I have 72 binary variables and, at a theoretical level, I am trying to identify groups of variables that seem to vary together. In practice, I am struggling with how to analyze this data properly. I am using R and the psych package. Here is what I have tried and what the outcomes were:

  1. Estimated a tetrachoric correlation matrix (ran without problem)
  2. Estimated MSA (relatively strong values, ran without problem)
  3. Ran parallel analysis to identify how many factors to extract (ran without problem)
  4. EFA using fa() to estimate factors (non-positive definite matrix and strangely high RMSEA)
  5. Tried different factor counts, smoothing/unsmoothing, estimation methods, rotations methods, and removing variables (problems persisted)
  6. Tried to focus instead on eBIC (always returned as NULL in output)
  7. EFA using (inappropriately) Pearson correlations (RMSEA behaved)

From looking at other questions and answers on here, I am now aware that tetrachoric matrices can be problematic like this. However, I don't know what to do with that information. Accept the problems as a limitation and move forward? Conduct a different type of analysis?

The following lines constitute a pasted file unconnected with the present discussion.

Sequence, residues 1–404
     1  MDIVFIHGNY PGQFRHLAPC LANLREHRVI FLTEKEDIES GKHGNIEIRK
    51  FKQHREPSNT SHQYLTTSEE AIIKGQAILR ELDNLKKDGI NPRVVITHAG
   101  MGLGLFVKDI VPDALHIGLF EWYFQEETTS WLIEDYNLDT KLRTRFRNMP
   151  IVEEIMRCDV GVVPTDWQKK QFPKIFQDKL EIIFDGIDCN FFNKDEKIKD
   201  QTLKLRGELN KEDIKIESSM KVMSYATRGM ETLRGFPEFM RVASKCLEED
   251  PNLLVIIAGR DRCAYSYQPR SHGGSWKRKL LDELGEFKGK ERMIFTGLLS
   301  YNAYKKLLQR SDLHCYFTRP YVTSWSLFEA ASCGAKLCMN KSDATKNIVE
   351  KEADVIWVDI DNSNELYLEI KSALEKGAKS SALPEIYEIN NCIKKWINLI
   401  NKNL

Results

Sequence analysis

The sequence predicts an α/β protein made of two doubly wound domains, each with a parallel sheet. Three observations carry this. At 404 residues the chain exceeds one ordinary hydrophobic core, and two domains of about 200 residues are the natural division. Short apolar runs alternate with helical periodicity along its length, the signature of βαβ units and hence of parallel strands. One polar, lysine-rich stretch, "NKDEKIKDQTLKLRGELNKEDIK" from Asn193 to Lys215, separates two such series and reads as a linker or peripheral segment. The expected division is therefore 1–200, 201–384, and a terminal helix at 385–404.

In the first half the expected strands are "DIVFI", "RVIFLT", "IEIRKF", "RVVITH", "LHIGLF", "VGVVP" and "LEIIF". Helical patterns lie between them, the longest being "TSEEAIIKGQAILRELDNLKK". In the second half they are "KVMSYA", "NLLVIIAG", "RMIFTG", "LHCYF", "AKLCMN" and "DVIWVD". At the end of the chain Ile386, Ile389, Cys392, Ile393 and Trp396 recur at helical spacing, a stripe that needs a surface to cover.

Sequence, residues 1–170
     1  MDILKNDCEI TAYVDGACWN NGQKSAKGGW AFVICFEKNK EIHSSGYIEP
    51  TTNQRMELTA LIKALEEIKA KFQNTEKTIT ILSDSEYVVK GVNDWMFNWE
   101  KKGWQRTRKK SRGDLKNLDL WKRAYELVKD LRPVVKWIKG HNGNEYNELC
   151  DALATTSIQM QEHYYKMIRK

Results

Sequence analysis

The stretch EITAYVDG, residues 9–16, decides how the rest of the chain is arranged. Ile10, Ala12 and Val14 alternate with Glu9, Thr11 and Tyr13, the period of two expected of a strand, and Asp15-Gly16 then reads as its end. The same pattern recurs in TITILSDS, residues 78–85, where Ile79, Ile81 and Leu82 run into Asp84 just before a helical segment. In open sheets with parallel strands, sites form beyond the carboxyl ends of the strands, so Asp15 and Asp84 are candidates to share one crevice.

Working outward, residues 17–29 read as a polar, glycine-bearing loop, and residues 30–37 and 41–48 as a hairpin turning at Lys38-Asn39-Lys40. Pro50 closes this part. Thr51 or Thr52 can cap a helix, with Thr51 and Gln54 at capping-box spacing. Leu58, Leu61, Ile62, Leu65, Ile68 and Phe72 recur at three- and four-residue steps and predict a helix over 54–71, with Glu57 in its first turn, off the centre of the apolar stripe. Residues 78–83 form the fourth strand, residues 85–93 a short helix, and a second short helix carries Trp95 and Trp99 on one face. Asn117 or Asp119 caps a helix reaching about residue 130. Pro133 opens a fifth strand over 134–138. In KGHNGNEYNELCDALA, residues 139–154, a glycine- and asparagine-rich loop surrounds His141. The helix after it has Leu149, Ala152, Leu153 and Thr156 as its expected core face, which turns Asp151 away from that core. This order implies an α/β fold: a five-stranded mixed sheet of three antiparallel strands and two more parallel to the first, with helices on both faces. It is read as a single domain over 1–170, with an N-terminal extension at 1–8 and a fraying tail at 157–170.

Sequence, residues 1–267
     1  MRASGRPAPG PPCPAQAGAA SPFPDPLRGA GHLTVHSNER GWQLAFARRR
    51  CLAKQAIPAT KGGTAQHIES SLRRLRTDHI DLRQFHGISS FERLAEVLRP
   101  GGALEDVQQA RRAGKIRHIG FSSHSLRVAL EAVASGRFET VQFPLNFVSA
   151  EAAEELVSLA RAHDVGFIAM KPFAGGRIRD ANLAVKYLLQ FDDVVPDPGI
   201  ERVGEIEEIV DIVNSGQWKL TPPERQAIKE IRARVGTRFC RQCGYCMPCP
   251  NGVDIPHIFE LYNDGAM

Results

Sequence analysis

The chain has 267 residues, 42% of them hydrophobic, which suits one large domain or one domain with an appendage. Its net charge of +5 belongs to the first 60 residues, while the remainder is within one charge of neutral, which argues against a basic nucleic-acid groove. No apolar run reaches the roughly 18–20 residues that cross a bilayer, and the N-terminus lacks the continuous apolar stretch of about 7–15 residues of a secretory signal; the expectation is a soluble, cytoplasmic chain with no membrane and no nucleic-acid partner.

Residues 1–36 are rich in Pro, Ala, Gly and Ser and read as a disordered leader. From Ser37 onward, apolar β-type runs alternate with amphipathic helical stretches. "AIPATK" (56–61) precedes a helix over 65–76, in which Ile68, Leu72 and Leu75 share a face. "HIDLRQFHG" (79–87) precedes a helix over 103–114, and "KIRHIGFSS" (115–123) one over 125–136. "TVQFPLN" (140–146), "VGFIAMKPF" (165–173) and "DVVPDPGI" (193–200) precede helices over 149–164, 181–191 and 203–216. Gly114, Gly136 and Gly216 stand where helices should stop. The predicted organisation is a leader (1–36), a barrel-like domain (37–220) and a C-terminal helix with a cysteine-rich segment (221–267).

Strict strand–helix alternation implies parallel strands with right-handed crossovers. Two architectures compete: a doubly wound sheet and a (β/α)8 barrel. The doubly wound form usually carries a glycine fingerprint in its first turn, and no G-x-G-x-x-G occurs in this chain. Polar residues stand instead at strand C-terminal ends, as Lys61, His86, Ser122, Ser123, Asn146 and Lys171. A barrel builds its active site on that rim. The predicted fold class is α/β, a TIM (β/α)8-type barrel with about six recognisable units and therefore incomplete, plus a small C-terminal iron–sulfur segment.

I considered IRT as is recommended, but am unaware of an exploratory way to conduct IRT analyses.

I understand that most of my options are imperfect. My goal is to find an analysis that is at least arguably appropriate for binary variables and that will inform the ways in which I group these variables in my theorizing.

Given this, my questions are:

  1. Can I trust EFA on a tetrachoric matrix despite problematic output?
  2. Can I somehow recover the lost eBIC value and use that?
  3. Is exploratory IRT possible/desirable?
  4. Are there other analyses, in R, that can be used to examine the dimensionality of binary data?

I appreciate all feedback! I love learning about data analysis and hearing about how I can improve.

  • 1
    $\begingroup$ If by "examine dimensionality" you seek to reduce dimensions and even maybe to make sense of them then PCA will suffice. PCA is ok with binary data. It your aim is factor analysis which models latent features as what generate the actual data - it is more problematic with binary data. stats.stackexchange.com/q/16331/3277 $\endgroup$
    – ttnphns
    Dec 21 '20 at 21:04

The R package TAM offers a wrapper function tam.fa for conveniently conducting IRT-based EFA (using MML approach implemented in TAM; not extending towards other IRT packages). Have a look at the manual ?tam.fa to get the basic idea.


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